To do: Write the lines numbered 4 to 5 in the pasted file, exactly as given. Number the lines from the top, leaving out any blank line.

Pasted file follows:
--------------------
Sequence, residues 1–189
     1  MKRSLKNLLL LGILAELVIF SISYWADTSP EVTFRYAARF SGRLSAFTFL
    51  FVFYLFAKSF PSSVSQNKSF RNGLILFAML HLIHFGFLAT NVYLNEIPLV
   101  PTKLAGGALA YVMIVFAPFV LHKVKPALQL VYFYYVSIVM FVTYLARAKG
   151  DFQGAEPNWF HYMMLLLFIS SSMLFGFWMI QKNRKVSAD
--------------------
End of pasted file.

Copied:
   101  PTKLAGGALA YVMIVFAPFV LHKVKPALQL VYFYYVSIVM FVTYLARAKG
   151  DFQGAEPNWF HYMMLLLFIS SSMLFGFWMI QKNRKVSAD